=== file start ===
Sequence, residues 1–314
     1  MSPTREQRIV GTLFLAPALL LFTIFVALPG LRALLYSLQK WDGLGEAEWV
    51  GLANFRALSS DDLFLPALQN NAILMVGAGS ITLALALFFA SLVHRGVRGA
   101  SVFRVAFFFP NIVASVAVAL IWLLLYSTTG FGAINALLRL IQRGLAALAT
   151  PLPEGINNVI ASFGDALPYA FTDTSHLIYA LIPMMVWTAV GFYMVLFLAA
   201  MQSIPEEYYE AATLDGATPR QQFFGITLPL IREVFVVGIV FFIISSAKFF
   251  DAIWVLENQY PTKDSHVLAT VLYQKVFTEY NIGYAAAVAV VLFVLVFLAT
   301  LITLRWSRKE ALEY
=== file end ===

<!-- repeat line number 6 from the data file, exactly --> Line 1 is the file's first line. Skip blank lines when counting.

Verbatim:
   201  MQSIPEEYYE AATLDGATPR QQFFGITLPL IREVFVVGIV FFIISSAKFF